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Alarming 1km-wide ‘gateway to hell’ megaslump crater in Siberia getting even bigger

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Locals call it the “gate to hell” – and the giant Batagaika crater is fascinating scientists, as melting ice uncovers ancient forests and animal carcasses – offering unique glimpses into the past.

But Siberia’s “megaslump,” about 660km northeast of the city of Yakutsk, is growing at an alarming rate.

Layers of icy permafrost exposed to the elements by deforestation are melting and flow away, releasing trapped gases into the atmosphere.

The crater in remote Russia is the largest of its kind in the world, and believed to be the second oldest too.

Many megaslumps have been spotted in Siberian tundra in recent decades.

But Batagaika, dubbed the “doorway to the underworld” by local Yakutian people, is already about 1km long and 50m deep – and it’s thawing at an alarming rate.

Its expansion could lead to dangerous land collapses in nearby settlements.

Sensors monitoring the growth of the crater are warning that it is moving by about 20-30metres a year, as its ice melts and dissolves into water that flows away.

Beneath the surface, gases and mineral deposits trapped under the ice for thousands of years are suddenly exposed again.

The warming climate is speeding up the process.

In recent months, a northeastern Siberian town recorded the Arctic’s highest ever temperature.

The scorching 100 Fahrenheit (38C) high was recorded by Russian meteorologists on June 20  in Verkhoyansk, in a month that saw a record average temperatures in the Arctic Circle.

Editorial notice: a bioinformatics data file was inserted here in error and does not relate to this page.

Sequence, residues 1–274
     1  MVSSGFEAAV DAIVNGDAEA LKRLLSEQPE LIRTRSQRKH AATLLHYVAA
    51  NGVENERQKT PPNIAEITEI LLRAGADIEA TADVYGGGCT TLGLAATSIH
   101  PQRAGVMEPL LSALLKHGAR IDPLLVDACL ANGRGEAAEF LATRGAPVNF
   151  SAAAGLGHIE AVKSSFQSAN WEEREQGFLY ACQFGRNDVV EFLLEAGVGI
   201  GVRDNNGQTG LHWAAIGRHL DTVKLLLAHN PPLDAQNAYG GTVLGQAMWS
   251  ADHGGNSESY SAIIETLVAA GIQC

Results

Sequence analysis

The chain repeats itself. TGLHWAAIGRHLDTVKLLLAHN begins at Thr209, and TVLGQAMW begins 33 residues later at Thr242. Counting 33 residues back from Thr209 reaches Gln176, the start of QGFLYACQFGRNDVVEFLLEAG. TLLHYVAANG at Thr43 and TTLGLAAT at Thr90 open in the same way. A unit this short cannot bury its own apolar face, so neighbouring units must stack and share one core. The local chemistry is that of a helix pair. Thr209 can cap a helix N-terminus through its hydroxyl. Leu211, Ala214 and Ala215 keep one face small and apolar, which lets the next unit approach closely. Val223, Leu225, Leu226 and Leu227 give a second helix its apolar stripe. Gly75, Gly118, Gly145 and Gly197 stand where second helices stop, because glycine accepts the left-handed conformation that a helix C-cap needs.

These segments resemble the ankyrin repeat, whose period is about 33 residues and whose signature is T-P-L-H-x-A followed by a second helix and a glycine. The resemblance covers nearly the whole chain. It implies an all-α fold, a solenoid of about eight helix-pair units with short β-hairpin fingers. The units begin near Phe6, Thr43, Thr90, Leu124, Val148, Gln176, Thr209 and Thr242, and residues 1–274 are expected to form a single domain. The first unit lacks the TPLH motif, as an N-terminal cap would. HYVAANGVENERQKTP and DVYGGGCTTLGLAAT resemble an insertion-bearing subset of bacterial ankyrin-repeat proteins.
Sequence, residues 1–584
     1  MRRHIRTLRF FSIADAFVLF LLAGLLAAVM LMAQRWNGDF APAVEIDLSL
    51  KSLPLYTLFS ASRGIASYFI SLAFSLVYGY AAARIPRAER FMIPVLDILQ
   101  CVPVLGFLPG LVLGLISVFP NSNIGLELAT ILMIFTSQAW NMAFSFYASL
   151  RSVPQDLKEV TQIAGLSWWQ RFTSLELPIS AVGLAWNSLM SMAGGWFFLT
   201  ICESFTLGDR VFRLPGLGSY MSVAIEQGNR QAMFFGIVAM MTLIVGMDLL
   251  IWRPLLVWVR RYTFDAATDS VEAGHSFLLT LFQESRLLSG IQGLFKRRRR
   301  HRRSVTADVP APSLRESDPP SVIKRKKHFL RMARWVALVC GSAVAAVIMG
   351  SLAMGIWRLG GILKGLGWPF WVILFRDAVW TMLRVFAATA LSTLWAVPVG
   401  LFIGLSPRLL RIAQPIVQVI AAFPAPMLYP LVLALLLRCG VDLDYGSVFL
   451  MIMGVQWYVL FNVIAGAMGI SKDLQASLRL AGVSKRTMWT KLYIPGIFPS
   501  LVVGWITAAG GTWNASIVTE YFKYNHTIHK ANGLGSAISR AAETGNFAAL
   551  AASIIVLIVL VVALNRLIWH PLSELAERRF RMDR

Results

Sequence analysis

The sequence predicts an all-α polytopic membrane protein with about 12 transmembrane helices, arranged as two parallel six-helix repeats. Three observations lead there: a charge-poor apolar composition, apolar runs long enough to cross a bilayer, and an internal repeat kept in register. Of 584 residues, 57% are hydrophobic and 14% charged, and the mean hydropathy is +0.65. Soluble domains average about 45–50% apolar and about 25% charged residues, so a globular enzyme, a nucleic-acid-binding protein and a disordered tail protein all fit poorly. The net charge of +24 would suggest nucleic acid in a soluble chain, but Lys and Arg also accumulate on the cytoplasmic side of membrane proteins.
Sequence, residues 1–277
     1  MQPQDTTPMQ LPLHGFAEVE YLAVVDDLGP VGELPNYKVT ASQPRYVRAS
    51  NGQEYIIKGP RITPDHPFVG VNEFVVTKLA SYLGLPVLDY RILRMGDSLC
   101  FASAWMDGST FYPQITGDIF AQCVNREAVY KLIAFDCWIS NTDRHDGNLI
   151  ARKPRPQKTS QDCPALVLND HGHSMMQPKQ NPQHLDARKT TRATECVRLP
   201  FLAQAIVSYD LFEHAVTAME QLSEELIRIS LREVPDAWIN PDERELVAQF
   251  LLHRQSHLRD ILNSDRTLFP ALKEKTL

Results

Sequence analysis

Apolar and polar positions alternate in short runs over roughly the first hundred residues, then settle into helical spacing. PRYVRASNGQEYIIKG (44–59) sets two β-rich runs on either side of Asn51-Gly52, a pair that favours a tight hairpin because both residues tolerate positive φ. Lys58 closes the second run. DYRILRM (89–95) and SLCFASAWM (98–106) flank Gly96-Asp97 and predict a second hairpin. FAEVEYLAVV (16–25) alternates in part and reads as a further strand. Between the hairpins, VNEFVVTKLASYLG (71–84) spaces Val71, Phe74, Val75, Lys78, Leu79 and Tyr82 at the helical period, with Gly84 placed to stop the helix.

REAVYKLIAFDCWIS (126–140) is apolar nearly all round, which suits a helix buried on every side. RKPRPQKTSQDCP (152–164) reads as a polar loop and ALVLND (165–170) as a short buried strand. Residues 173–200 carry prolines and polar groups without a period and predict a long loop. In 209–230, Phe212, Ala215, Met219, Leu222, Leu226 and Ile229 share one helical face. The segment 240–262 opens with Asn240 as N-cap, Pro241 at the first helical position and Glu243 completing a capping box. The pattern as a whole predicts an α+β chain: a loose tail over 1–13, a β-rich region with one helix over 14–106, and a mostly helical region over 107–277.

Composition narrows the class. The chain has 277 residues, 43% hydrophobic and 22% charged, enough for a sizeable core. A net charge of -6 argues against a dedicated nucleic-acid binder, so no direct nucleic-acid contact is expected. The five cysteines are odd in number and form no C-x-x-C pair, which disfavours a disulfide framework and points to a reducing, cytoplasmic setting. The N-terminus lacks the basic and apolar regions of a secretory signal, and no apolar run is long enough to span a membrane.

Scientists say its uneven ice distribution means it dissolves at varying rates, and as it expands, the observed crater has taken the shape of a colossal stingray.

Scientists say Batagaika, also known as ‘Batagai’s’ expansion was caused by human activity in the mid-20th century.

Geology Professor Julian Murton, of the University of Sussex, told the BBC the problem began in the 1950s and 60s.

Exploration for mineral and timber and gathering firewood exposed the surface to erosion

What started as a gully expanded as water rushed down it, eventually exposing a layer of “ice-rich” permafrost beneath, the permafrost expert explained.

Deforestation in the region hastened the ice thawing, and the crater is now growing fast.

Its thaw is worrying scientists because as the ice melts and turns to water, the phenomenon releases previously trapped carbon dioxide and methane gases into the atmosphere – accelerating climate change.

Prof Murton said: “The catch with Batagai is that although it survived multiple episodes of warming in the past, where the warming has been natural – in the last 50 or 60 years human disturbances have destabilised this ancient permafrost.

“So, I guess the message is that we need to be very careful.”

The site is being intensively monitored by scientists.

Experts combing the crater are not only looking for warning signs- they are also taking advantage of the dissolving permafrost.

Each layer tells the story of a different snapshot in time that helps scientists better understand climate change through palaeontology and the environment of the past.

Incredibly, dating work investigating the age of the bottom layers of the permafrost reveal it is around 650,000 years old, Prof Murton said.

That would make it the oldest known permafrost reported in Eurasia, and the second oldest in the world, he added.

Another expert said studying Batagaika could help scientists understand the links between human and animals, vegetation and environmental shifts to find ways to combat climate change.

Ksennia Ashastina, of Germany’s scientific Max Planck Institute,said: “Though this may sound so far away from our daily concerns and daily life, actually it’s not just curiosity that drives the Batagai research.

“It’s also the applicability of the results to the ongoing environmental changes – because the past is the key to the future.”

“And by understanding the processes that occurred in the past and their aftermath, we can adapt to the ongoing future.”

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